by Kevin Eikenberry

Recently LinkedIn was abuzz about a post from Carly Martinetti, the co-founder of PR firm Notably, as she announced the organization would not be instituting a Return to Office policy.

There is plenty to cheer about and agree with in this post.  And as a remote leader of a largely remote team who has written, coached, trained, and spoken widely on leading and working remotely you would think I would stand and applaud.

I’m clapping, but not standing because there is one possible red flag in her well-written post. And she mentions it twice.

No one cared about what hours I worked.  They looked at the quality of my work.

And again …

I don’t care how early or late you work – As long as you are on top of your responsibilities.

I don’t know Carly, and I while I believe she has wonderful intention here, there is a possible problem.

What are you accomplishing with your newfound flexibility?

During the pandemic, I talked to thousands of people from around the world who were working remotely about their experiences.  One prevalent thought from leaders was a sense of pleasant surprise that the work was still getting done. Some even talked about higher productivity!  Yet when I asked individuals (those leaders included) what they were doing with the time they used to spend commuting, over fifty percent were spending that time working.  When asked if they were accomplishing more, few could conclusively and quickly say yes.

In other words, they were spending more time to get the same work done.

Friends, this isn’t greater productivity, it is exactly the opposite.  And this isn’t painting a completely pretty picture of flexibility of working hours either.

What expectations are you setting?

If the nature of the work allows for people to be successful in working remotely, with less commute time and more overall flexibility, I am all for it (and, in Carly’s world of PR, that is very likely true). In fact, that is exactly how our team worked before the pandemic changed the working situation for so many.  But as leaders we must be careful about the messages we send and the expectations we set.

Work whenever you want as long as you meet your job responsibilities, is great as long as the responsibilities are reasonable, and people have the resources and skills to meet them. Work early or late is great, as long as we aren’t now expecting calls and meetings to meet other time zones far off of our norm.

I applaud Carly’s decision – and the similar decision many others are making.  But we as leaders must recognize too that we are creating new expectations about work as we do it.  Make sure your expectations line up with and help your teammates succeed at work – while creating long term work/life balance too. As where, how, and when we work changes, so too are the stated and unspoken expectations of the work.  If we are doing the hard work of communicating and adjusting those as we pronounce a new world of work, we have a far better chance for long term success.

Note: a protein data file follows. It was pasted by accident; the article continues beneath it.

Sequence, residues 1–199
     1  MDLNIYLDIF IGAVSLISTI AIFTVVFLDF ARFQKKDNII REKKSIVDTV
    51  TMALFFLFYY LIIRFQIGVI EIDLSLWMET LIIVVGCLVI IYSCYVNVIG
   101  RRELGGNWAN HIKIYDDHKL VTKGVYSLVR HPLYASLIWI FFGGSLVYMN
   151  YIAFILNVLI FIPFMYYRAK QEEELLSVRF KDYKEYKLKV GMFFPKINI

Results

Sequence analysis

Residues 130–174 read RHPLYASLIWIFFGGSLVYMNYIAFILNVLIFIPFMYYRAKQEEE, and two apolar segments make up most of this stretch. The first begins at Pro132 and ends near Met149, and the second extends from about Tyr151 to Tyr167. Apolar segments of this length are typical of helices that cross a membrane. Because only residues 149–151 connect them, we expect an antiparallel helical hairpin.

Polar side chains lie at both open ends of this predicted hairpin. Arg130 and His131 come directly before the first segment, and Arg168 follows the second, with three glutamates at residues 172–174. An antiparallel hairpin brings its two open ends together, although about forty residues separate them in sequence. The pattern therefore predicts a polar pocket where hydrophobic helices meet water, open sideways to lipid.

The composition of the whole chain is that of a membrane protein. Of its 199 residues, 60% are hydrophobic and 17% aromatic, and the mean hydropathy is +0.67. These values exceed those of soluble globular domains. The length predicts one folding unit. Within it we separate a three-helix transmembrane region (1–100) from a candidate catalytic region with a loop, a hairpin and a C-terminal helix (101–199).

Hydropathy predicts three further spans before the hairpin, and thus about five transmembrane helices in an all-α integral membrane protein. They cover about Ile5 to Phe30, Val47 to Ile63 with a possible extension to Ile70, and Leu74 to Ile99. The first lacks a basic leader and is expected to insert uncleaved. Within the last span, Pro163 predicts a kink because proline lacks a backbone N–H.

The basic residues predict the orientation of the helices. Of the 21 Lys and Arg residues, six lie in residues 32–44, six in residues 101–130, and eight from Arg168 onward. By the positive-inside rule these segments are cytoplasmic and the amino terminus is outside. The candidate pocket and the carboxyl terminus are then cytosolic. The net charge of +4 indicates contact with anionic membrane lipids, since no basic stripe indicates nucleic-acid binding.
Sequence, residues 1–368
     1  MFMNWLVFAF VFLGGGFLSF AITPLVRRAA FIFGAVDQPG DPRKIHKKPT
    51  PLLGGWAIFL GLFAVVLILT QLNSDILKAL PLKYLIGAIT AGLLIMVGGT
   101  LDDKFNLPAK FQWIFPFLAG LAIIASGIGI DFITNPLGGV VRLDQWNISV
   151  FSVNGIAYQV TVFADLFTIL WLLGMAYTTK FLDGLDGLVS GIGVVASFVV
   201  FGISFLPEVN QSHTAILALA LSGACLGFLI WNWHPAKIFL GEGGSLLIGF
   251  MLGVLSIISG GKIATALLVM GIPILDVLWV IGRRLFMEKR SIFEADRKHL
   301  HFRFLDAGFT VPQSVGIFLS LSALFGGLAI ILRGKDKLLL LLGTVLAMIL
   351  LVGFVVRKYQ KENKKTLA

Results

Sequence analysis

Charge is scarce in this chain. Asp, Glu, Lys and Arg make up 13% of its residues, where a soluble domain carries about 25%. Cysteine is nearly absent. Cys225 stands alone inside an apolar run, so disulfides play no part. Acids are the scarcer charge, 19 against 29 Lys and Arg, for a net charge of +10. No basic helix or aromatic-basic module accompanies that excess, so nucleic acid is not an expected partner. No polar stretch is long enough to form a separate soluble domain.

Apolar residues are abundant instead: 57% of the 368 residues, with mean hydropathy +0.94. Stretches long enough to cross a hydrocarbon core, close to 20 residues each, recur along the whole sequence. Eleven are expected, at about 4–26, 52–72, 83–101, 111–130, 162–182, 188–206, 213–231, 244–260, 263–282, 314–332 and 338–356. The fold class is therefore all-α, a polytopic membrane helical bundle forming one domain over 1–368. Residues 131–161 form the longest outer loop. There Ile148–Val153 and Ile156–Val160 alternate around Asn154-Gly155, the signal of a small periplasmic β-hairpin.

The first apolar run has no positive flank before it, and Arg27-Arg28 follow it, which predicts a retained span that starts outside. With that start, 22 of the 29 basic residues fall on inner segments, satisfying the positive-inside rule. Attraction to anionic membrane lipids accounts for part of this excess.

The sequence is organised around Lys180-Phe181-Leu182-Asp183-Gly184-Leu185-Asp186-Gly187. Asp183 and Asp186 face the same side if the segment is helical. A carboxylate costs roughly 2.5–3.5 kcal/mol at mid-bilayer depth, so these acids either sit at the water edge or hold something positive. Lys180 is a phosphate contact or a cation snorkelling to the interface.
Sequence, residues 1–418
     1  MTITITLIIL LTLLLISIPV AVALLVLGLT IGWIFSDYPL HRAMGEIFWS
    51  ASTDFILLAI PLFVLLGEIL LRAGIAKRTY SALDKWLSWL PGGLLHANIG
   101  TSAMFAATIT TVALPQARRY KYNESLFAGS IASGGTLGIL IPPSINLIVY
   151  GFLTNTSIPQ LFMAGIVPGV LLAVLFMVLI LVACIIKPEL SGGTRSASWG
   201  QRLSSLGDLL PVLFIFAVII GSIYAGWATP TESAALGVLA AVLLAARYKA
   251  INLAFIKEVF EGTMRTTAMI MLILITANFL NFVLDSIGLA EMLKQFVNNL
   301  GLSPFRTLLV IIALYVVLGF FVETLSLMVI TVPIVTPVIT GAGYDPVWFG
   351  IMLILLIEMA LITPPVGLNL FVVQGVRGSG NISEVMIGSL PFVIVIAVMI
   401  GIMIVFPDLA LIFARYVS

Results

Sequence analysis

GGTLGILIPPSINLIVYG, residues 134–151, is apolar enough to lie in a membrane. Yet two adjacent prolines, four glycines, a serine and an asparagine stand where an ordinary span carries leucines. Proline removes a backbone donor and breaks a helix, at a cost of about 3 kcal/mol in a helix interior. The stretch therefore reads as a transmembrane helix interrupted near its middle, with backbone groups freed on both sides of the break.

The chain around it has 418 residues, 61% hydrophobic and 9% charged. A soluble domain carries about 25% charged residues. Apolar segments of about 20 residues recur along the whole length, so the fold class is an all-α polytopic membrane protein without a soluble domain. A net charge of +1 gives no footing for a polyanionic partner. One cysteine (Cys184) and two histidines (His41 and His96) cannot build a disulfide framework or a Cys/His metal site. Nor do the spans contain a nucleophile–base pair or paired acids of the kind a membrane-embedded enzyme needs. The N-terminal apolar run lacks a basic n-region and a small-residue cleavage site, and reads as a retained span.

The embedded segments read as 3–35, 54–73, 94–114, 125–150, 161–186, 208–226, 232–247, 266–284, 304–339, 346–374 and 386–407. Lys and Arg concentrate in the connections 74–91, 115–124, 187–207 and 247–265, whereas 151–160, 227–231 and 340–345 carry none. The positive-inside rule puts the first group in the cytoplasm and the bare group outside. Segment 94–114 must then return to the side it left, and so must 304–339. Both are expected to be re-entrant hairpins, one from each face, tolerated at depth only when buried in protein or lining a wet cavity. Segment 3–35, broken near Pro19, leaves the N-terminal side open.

Want make sure your remote team is all on the same page and operating with a realistic set of expectations? This course is a great way to start you down that path.

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  1. Great article, Kevin.
    I believe that there are recent studies that show 2 things:
    1) Flexible, remote work is showing a productivity increase;
    2) Flexible, remote work is largely reflected in C-Suite and upper-management vs lower level employees..

    Now this may be as a result of more productivity through longer work hours. The anomaly is that many companies only trust their executive management to stay committed. This may in turn lead to dissatisfaction and distrust of management by workers which will result not only in higher employee turnover but also an impediment to fill vacancies due to poorer reputation as an employer.

    I respect that companies need to determine what best works for them. However, management needs to be more open-minded and able to communicate their rationale for their choices ( which may have more employees support their decisions) for the best operational needs of the company and its stakeholders.

    Keep up the great editorials. I am sure that many people are benefiting from them.

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